When the new government takes office in May 2015 one of the first tasks will be to initiate a Strategic Defence and Security Review (SDSR).

The SDSR of 2010 introduced four Tier 1 threats to the United Kingdom. For the first time, threats emanating from both state and non-state actors in cyberspace were classified as a direct threat to the national security of the UK. Thus, in 2011 the UK Cyber Security Strategy was launched, and an update is likely to follow in 2016/17.

We will focus here on two aspects: the threat of cyber-attack and the threat of a cyber-incident.

Significant debate exists around issues of taxonomy within cyberspace, though the notion of an attack implies the use of violence and the ability to cause physical damage, whether to a human, a machine or infrastructure.

Any number of ‘what if’ scenarios exist and our impending doom might seem assured. However, intent and capability are not synonymous, and the actual potential for damage is largely overstated. Only three events in cyberspace can claim to have actually caused physical damage, and no human has ever died directly from such an event.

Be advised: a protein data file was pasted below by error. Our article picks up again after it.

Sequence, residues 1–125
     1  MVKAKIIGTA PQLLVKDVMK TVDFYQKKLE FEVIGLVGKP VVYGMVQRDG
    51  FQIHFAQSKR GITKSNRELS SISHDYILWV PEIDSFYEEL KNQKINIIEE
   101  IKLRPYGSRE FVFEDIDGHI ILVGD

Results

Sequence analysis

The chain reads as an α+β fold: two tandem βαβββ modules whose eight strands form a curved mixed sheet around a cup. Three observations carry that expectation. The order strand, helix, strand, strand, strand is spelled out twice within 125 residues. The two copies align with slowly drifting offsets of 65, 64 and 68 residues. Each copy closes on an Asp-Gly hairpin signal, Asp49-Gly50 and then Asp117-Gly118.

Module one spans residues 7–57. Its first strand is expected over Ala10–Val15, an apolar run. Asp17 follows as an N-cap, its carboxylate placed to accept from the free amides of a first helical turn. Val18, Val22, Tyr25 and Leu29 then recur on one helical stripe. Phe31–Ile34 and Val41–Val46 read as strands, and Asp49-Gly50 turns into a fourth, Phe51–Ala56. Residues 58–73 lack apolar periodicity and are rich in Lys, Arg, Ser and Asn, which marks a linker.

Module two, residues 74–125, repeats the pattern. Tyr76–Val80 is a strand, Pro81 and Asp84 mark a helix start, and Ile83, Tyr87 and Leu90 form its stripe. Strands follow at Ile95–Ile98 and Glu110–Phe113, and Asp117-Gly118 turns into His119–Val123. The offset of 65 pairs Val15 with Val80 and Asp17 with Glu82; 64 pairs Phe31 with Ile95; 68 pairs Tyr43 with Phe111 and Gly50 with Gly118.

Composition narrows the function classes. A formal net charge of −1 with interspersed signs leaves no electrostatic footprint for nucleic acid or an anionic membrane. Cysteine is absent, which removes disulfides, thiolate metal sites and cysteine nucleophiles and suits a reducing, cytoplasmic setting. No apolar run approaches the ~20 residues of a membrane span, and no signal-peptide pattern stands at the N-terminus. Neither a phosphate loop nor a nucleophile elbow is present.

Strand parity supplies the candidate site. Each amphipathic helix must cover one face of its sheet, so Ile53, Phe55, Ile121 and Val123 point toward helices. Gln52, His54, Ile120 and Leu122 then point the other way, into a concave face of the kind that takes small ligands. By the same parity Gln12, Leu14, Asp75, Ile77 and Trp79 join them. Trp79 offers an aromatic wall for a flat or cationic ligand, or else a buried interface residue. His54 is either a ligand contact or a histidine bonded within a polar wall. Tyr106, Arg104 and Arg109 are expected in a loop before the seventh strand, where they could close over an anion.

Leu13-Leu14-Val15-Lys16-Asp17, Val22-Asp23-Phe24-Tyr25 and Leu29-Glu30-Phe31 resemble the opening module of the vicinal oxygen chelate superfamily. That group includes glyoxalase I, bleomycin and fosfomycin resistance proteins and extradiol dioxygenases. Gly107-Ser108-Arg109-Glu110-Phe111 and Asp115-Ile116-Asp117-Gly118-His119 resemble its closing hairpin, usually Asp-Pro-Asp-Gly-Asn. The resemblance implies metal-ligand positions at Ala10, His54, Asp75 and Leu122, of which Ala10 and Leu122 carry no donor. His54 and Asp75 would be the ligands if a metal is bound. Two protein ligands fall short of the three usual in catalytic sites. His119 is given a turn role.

Operation Orchard in 2007 saw the Syrian radar station at Tall al-Abuad go offline, possibly via a kill-switch embedded in the software by the manufacturer, which allowed Israeli bombers to fly undetected and destroy the Deir ez-Zor nuclear reactor construction site. Whether this is a cyber-attack or not is hotly debated due to the time delay between the cyber-action and the damage caused.

In December 2014, the German IT Security Situation report highlighted an event at a metal foundry where a ‘cyber-attack’ had gained access to the plant’s control systems. As a result, a blast furnace was unable to be shut down, and an explosion occurred. Whether this was the intention behind the cyber-attack remains unclear and provokes debate on the nature of intent required to commit an act of violence, especially in the legal sense.

The standard illustration of a cyber-attack is the Stuxnet incident in Iran in 2010. A complex operation was launched that led to an engineer at the plant unwittingly installing a virus into the control system that caused the centrifuges at the nuclear processing plant at Natanz to spin in an unpredictable manner.

Initial claims suggested that the centrifuges were destroyed directly – however, Dmitri Alperovitch has recently argued that the Iranians actually destroyed the centrifuges themselves, as they believed them to be faulty. Like Operation Orchard, the time delay and role of direct destruction may well mean that not a single true cyber-attack has ever actually occurred.